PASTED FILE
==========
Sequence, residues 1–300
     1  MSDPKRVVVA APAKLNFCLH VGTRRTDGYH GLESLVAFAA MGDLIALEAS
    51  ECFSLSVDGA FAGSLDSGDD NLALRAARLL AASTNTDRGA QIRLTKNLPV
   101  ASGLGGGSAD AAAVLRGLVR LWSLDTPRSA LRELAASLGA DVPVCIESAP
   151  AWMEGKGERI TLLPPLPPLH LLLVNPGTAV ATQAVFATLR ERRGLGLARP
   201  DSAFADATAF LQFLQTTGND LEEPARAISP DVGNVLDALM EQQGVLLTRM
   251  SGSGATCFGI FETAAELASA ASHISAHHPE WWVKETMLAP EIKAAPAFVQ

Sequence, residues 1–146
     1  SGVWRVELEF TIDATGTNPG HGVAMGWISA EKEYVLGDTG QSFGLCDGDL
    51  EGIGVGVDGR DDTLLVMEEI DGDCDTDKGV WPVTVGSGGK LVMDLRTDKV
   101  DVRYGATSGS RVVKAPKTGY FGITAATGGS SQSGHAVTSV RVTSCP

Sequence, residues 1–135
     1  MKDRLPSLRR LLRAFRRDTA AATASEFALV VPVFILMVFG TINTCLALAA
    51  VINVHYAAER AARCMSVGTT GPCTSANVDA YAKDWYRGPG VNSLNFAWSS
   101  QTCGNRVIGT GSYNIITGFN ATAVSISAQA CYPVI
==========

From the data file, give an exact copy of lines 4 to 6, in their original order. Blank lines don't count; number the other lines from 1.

   101  ASGLGGGSAD AAAVLRGLVR LWSLDTPRSA LRELAASLGA DVPVCIESAP
   151  AWMEGKGERI TLLPPLPPLH LLLVNPGTAV ATQAVFATLR ERRGLGLARP
   201  DSAFADATAF LQFLQTTGND LEEPARAISP DVGNVLDALM EQQGVLLTRM